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Carbon Smart List

by Rose Hessmiller last modified Jan 10, 2013 09:00 AM
Carbon Off Set and Carbon Sequestration
File The economics of community forest management in Madagascar: Is there a free lunch? by Jon Anderson — last modified Apr 07, 2013 07:54 PM
This report is an analysis of the "transfert de gestion" activity in Madagascar.
File Trees for Global Benefit: Empowering Ugandan Women with Land Concessions and Tree Planting Benefits: A local-level, implementation initiative by FRAME Administrator — last modified Dec 13, 2017 03:35 PM
Trees for Global Benefit (TGB), an initiative of the Environmental Conservation Trust of Uganda (ECOTRUST), is a cooperative community carbon offset scheme developed to enable poverty reduction through effective management and protection of forestry ecosystems on which local people depend. Integrating gender considerations into REDD+ planning and implementation is a key issue for numerous countries. Leveraging learning and knowledge sharing for gender and REDD+ is essential in moving toward harmonized policy reform and is relevant across many elements of climate change adaptation and mitigation, natural resource management, land use, and benefit sharing. This case study identifies and consolidates existing tools and best practices for greater access and applicability in mainstreaming gender considerations into REDD+.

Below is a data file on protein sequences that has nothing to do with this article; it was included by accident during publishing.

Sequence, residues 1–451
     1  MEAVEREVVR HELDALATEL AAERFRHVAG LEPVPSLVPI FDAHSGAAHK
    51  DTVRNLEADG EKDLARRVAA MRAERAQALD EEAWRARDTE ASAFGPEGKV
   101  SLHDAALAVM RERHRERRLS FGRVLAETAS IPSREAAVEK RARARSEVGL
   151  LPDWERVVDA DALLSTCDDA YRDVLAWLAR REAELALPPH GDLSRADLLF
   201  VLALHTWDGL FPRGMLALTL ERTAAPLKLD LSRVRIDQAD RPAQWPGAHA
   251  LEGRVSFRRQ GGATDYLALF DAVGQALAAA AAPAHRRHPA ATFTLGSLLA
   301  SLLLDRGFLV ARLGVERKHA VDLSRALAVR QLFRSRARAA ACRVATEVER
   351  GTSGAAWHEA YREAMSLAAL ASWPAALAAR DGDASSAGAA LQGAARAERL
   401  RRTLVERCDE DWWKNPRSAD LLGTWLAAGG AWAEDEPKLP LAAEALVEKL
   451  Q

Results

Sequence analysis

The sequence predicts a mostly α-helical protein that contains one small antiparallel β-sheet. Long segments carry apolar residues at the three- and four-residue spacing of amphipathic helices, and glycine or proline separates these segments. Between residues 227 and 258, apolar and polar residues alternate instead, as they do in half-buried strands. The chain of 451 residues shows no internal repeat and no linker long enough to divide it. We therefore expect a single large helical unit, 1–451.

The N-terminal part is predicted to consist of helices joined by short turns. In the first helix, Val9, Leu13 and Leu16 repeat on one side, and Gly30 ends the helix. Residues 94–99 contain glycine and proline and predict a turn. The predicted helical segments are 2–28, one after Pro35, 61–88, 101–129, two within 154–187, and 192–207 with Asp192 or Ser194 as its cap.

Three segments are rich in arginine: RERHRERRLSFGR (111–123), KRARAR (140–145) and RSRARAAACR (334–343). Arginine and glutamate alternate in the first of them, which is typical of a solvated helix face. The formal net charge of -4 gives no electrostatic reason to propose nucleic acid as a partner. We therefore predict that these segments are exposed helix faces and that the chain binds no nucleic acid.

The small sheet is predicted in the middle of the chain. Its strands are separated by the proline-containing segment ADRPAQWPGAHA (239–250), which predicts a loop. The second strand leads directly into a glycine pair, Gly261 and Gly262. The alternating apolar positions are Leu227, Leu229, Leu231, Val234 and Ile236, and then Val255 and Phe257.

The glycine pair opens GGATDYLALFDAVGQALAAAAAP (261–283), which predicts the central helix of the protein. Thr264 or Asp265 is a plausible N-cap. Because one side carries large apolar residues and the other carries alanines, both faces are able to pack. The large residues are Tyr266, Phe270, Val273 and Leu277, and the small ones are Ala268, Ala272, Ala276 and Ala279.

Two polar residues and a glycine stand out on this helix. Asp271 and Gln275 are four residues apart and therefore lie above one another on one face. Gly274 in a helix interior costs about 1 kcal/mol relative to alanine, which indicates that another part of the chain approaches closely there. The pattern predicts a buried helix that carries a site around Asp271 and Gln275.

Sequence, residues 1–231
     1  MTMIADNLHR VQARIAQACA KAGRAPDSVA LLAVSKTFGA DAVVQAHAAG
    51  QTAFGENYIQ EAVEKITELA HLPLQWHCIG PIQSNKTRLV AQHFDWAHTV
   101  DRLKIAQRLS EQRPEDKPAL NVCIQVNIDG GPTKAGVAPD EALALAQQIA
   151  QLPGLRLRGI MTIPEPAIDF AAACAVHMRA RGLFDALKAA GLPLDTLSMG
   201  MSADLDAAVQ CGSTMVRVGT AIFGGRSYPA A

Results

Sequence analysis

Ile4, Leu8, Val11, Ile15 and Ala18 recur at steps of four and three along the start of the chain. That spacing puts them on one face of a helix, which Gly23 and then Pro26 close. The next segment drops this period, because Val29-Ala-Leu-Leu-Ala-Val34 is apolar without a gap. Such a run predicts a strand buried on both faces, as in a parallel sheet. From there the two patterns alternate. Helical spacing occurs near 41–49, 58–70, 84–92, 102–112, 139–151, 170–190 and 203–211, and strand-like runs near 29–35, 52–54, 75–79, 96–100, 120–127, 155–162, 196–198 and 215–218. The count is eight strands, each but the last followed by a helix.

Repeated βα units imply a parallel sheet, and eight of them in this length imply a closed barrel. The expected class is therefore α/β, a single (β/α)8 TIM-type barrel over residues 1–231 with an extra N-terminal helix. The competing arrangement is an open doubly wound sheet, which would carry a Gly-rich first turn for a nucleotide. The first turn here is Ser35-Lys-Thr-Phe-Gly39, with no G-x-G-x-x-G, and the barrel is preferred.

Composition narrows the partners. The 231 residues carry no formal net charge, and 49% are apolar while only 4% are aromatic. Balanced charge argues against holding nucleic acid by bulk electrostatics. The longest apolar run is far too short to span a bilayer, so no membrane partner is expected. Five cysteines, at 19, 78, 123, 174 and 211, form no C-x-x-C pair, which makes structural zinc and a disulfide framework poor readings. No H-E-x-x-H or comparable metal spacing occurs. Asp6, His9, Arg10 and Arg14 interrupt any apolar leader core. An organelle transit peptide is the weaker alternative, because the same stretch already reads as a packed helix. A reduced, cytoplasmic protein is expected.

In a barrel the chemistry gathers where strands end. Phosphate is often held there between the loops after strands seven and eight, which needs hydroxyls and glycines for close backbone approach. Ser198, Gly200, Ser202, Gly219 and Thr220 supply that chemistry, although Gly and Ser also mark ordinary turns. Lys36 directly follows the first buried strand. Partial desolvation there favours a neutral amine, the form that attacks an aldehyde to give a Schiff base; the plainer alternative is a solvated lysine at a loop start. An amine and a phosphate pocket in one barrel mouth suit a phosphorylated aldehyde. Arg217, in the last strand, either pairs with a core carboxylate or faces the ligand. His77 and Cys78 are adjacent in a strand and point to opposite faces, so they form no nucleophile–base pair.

File Evidence Summary: The Economics of Ecosystem-based Adaptation by Gateway Web Editor — last modified May 09, 2019 10:06 AM
This evidence summary highlights the economics of ecosystem-based adaptation (EbA) approaches, which can offer cost savings compared with other approaches, as well as additional benefits, such as the provision of wild foods, carbon sequestration and biodiversity conservation. It also discusses the cost of EbA versus hard infrastructure, how to use economic data to evaluate EbA approaches and the economic case for EbA.